Hadza tribe woman smiling


The Yaeda Valley Tourism Program began when the Hadzabe community invited a small, family-owned safari outfitter to bring outsiders into the Lake Eyasi region where they eek out hunter-gather existence. From the outset, the Hadza (as they are called in English) were concerned that tourism in the valley serve the Hadza’s needs and values. That led to a series of meetings resulting in a carefully developed program of cross-cultural interactions with visitors that is structured by not staged.

The Hadza, a small ethnic group of hunter-gatherers, are the earliest known inhabitants of the Yaeda Valley, though no one can say for sure when they arrived or where they came from originally. Linguistic research suggests that while their language has similarities to the Khoisan language group of the Bushmen and Hottentots, it cannot be categorized in any of the recognized major ethno-linguistic groups.

Remarkably, the Hadza have managed to keep their culture and primitive lifestyle intact despite many of the same pressures that have all but extinguished most of the world’s hunting-gathering societies since the advent of agriculture some 10,000 years ago. In the past few decades, however, the Hadza have lost as much as 90 percent of their former homeland in the Lake Eyasi region to settlement by other ethnic groups. Today, the Hadza number altogether between 1,000 and 1,500 people, and the Yaeda Valley is one of their last stands.

The Yaeda Valley Tourism Program is based on two major principles:
1. The Hadza have valuable knowledge that the rest of the world has lost.
Hunting and gathering cultures, with their foundation of ecological prudence, have lessons to teach all people of the world. What the Hadza would like you, as a visitor, to take home is an appreciation of their culture not as an antiquated tradition disconnected from the modern world but as a valid part of it. This approach to tourism provides new insights for visitors coming from the modern world and bolsters the self-identity among an indigenous people victimized by severe prejudice and discrimination.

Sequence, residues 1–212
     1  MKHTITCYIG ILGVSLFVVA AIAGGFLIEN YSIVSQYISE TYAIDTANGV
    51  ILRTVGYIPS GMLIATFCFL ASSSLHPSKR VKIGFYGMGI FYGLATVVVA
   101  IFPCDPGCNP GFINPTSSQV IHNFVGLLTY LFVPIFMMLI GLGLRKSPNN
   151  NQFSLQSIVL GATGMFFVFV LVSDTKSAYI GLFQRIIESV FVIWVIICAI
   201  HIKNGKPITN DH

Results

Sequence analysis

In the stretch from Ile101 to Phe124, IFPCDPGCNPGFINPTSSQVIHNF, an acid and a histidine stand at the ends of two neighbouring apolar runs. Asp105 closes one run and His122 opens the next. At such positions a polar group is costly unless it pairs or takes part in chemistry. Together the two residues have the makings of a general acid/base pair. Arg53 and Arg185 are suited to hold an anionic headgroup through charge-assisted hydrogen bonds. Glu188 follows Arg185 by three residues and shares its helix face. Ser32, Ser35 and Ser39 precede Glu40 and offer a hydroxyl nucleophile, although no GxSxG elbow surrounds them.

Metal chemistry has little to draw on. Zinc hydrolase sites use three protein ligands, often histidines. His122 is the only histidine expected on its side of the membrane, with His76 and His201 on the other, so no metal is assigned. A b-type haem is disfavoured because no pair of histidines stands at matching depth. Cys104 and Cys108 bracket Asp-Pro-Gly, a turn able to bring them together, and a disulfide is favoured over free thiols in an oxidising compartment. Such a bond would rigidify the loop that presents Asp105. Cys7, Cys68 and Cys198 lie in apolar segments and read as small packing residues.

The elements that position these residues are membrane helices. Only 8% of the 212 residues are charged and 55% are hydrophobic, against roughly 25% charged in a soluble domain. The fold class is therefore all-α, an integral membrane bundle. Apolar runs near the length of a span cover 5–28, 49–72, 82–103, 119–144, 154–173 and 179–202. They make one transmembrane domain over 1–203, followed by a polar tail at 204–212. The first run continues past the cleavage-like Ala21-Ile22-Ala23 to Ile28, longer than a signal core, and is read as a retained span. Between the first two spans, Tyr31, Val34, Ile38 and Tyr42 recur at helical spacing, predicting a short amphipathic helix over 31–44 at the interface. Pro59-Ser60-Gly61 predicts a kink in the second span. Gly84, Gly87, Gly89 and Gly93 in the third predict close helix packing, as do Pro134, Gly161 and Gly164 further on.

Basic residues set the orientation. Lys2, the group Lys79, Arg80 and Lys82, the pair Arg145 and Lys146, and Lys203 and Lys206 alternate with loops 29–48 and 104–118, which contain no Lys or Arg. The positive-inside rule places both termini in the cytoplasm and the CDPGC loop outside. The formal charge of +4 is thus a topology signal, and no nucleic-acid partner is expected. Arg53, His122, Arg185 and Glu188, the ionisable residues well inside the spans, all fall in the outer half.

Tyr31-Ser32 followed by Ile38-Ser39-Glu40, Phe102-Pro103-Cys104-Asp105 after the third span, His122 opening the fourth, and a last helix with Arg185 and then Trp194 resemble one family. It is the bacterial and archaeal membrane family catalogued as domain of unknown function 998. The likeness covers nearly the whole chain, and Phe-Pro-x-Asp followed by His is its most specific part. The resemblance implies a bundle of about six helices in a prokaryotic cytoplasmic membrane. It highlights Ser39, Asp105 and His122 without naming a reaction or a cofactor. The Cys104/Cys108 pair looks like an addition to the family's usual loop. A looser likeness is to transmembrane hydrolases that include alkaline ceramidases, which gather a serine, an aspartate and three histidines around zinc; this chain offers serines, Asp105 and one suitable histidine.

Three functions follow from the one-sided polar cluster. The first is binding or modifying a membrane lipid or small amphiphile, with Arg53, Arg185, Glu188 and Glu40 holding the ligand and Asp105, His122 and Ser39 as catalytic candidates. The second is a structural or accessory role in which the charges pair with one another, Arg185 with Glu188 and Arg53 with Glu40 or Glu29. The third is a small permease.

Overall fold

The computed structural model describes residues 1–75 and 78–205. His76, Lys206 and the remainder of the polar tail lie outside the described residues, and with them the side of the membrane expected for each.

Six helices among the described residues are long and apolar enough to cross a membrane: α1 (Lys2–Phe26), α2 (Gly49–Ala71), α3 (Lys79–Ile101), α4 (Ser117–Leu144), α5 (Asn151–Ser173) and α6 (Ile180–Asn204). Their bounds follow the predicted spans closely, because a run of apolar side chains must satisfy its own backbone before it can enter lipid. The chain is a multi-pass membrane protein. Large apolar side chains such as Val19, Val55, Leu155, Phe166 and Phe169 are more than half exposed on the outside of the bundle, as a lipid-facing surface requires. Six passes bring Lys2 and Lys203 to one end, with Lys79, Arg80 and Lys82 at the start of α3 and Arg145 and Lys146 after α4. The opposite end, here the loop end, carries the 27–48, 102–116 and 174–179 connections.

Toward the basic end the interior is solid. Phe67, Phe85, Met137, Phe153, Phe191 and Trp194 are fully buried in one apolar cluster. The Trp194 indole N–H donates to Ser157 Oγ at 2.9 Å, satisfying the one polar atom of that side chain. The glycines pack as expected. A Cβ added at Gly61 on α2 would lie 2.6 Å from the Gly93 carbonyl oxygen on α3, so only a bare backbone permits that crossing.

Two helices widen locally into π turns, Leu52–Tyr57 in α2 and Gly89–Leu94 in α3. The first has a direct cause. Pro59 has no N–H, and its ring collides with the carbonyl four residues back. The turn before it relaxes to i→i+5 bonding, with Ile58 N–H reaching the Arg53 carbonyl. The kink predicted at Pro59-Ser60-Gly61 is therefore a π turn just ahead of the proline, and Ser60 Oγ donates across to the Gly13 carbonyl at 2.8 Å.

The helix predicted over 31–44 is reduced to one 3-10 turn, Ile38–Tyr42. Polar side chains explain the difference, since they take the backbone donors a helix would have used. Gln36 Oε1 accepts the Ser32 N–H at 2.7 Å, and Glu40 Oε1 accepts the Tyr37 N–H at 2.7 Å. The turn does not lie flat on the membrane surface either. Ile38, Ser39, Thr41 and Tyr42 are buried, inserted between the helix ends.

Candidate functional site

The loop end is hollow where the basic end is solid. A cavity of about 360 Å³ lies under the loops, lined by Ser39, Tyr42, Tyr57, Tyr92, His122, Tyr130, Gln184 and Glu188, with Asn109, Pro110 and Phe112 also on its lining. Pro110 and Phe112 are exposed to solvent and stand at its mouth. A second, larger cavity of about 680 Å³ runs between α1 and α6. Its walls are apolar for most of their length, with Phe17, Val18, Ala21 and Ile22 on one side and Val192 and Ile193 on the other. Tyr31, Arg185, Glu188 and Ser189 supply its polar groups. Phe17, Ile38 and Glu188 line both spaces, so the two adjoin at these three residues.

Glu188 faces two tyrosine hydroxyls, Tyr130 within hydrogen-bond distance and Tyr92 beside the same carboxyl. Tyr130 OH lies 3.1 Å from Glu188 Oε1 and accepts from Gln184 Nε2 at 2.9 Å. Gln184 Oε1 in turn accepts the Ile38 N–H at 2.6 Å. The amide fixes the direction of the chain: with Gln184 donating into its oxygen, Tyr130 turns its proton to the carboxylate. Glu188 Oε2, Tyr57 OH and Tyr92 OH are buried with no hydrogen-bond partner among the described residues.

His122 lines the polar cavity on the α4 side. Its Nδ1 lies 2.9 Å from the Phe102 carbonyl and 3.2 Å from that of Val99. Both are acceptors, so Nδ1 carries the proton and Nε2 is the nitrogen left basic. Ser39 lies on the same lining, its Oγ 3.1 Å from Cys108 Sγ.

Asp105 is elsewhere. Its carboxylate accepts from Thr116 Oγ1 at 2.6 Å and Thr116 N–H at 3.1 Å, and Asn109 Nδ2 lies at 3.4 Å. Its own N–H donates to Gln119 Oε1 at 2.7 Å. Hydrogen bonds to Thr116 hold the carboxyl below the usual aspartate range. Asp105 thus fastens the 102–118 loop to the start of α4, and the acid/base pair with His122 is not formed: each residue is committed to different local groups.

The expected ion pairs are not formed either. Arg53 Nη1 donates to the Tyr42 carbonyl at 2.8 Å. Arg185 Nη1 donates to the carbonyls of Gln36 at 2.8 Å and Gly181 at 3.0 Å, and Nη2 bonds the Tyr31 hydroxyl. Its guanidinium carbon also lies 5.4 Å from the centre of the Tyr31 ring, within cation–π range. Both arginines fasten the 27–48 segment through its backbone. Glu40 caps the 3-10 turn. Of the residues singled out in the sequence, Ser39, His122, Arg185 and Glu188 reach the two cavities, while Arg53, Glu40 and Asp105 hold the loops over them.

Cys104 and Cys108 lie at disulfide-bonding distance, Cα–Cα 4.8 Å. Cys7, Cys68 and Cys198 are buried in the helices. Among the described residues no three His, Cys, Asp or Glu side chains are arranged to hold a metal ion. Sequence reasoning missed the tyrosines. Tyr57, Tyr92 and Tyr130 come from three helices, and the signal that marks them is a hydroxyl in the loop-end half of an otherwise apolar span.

2. Community values and goals are paramount.
Because Hadza land is a communal resource and Hadza society is egalitarian, tourism is judged worthwhile only if it enhances community land and resource rights. In particular, tourism should not permit individuals to profit at the expense of the community. Tourist proceeds go primarily to community accounts, though smaller fees (structured by the community) may be paid to local individuals who take part in a given tourist visit.

Yaeda Valley Tourism Today
The Yaeda Valley comprises four official villages two of which, Mongo wa Mono and Domanga, have significant numbers of Hadza. A third community, Eshkesh, is dominated by Datoga pastoralists who are also victims of advancing development having lost former homelands and moved more recently into the valley. The settlement of Yaeda Chini is a mix of Iraqw, Iramba, Isanzu and Barabaig (a Datoga group), all of whom have moved in from neighboring areas. After seeing the benefits tourism generated for the Hadza, the other villages asked to be included in the program. While the Hadza villages still benefit most, the other villages and the District Council now receive financial remuneration for each tourist night in the valley. Their inclusion has broadened support for the program’s initiatives, notably protection of the valley’s environment which has been most damaged by harvest and burning of forest for charcoal production.